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Don’t Ride In The Passenger Seat Of Your Own Car
November 9, 2011Posted by on
Have you ever sat in the passenger seat of your own car while somebody else drives it? It feels weird, and almost uncomfortable, right? I recently was thinking about this, as I examined how I’ve approached my professional career, and realized there are a lot of similarities to driving a car and living in the post-graduation world.
When you’re fresh out of college ready to take on the world you think nothing can stop you. You’ll be nervous, of course, but you’ll still have a bit of that “I’m invincible” confidence you get when you’re in college and are able to succeed under most circumstances. The truth is, classes in college don’t prepare you for the real world. They teach you some necessary, and many unnecessary, bits of information that you may or may not need to remember at some point in the future. What teaches you most is experience. That experience can come from internships or jobs you may have held before graduating. When you hit the ground running after graduation and (hopefully) land that first job, you need to understand what you’re getting into. In college you can pass with flying colors just by going to class and doing assignments when they are given to you. You’ll get a “good job” from your professor if you really bust your ass. After college, this passivity will get you nowhere. You need to learn to focus and take the wheel (here’s the driving metaphor now).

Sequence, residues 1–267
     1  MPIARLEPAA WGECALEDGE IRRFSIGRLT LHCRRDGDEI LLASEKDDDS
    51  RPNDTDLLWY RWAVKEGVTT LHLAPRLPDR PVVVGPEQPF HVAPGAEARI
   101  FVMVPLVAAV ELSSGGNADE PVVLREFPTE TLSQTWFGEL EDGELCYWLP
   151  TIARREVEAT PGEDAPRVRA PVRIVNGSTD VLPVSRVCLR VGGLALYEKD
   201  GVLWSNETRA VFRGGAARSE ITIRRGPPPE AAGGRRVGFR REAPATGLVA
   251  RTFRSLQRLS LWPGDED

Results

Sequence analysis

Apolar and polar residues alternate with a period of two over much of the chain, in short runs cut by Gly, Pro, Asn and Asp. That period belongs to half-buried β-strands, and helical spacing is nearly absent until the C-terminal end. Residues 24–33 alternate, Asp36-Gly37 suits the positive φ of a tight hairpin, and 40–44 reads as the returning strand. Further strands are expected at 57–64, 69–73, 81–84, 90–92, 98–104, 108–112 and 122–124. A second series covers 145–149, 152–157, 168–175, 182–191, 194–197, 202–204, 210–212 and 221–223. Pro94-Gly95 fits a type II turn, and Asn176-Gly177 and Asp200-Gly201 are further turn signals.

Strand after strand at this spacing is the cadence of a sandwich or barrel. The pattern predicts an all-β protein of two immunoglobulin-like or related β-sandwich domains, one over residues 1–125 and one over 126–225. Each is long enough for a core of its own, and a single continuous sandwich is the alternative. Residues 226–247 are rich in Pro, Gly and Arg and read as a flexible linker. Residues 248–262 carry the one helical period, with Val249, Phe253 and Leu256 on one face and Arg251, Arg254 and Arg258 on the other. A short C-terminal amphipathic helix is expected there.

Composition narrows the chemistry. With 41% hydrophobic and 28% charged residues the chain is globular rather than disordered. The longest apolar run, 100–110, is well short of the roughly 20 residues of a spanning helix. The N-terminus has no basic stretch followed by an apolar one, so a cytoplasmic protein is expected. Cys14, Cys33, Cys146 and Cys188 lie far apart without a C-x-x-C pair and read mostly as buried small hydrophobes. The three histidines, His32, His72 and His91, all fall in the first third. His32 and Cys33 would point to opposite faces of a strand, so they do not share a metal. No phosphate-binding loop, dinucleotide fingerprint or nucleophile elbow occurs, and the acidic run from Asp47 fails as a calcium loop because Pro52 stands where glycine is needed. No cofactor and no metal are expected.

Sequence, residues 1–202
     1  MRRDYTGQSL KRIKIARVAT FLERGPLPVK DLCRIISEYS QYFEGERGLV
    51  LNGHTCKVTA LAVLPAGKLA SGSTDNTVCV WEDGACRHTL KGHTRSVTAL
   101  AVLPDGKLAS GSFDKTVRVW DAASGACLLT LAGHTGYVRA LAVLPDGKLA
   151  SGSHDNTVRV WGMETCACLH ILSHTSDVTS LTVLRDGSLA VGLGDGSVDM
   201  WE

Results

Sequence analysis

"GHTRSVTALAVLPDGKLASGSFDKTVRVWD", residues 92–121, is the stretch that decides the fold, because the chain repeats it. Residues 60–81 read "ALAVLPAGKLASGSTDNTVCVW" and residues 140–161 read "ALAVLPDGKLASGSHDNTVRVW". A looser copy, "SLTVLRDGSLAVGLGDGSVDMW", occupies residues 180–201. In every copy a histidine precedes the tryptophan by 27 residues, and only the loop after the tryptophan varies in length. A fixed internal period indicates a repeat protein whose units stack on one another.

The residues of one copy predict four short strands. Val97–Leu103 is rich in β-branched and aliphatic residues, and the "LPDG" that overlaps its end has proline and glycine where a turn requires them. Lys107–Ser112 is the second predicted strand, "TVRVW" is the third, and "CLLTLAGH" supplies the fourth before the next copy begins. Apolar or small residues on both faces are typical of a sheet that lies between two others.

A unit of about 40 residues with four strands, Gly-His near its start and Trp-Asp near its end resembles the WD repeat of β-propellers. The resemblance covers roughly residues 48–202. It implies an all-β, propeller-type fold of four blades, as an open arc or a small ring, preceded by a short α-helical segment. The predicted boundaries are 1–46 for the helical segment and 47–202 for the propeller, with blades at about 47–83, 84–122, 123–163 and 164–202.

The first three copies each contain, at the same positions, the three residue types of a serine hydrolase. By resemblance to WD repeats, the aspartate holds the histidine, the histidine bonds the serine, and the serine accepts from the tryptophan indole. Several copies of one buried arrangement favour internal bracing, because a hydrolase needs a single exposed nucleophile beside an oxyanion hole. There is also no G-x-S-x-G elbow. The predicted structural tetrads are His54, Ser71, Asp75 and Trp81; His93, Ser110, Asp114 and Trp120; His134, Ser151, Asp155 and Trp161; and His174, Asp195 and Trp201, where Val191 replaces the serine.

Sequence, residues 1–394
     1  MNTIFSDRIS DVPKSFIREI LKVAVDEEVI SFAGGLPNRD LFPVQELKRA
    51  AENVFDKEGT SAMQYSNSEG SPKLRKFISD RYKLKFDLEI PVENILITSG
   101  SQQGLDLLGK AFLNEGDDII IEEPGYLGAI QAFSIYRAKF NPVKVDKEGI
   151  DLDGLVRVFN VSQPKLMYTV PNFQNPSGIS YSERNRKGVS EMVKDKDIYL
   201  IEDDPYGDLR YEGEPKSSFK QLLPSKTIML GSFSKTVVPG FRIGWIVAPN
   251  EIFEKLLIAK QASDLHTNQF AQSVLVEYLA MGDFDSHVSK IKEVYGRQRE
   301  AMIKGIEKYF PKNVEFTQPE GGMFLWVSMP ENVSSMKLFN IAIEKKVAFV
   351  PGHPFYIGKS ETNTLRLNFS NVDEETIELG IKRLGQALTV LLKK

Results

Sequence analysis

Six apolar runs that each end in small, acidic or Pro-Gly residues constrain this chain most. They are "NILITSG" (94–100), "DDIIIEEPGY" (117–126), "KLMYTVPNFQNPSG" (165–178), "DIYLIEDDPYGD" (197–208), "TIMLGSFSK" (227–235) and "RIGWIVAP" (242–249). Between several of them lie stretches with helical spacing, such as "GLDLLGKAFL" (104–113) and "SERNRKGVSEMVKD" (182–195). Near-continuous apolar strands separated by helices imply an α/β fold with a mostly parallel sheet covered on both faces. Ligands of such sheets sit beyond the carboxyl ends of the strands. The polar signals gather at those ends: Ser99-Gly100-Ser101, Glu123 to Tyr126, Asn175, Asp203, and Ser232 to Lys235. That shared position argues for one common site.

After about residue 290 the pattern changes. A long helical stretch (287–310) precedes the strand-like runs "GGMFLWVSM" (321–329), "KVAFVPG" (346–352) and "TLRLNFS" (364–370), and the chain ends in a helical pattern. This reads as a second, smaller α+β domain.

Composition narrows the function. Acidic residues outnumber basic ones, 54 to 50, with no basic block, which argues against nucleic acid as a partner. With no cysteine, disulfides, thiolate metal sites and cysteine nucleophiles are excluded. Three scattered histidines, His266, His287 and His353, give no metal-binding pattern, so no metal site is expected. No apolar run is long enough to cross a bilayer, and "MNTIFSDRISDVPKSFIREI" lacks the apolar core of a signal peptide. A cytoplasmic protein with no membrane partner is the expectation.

When you’re in the driver’s seat of your CAReer (see?) it’s all about staying focused about what’s ahead. Sure, you’ll take a peak in your side and rear view mirrors occasionally so that you’re in control of the present situation, but you always have to be looking for what’s down the road. You need to stay proactive and alert. Do you see brake lights up ahead? Think of those as potential hiccups or obstacles you might encounter. Get a grip, change lanes, and bypass the problem by being prepared. Be sure to flash your left/right signals to let everyone know you’re changing lanes. Keeping people around you aware of what’s going on will keep thing running smoothly, rather than creating a bigger problem.
One thing I’ve learned is that it is very easy to fall asleep at the metaphorical wheel of your career. It’s easy to start drifting out of your lane, and it’s easy to not realize you can be more than just another person stuck in traffic. Don’t set your car on cruise control. It won’t help you, and it won’t get you anywhere faster. It allows you to become distracted from reaching your goals. It’s a lesson I’ve had to learn, but an invaluable one.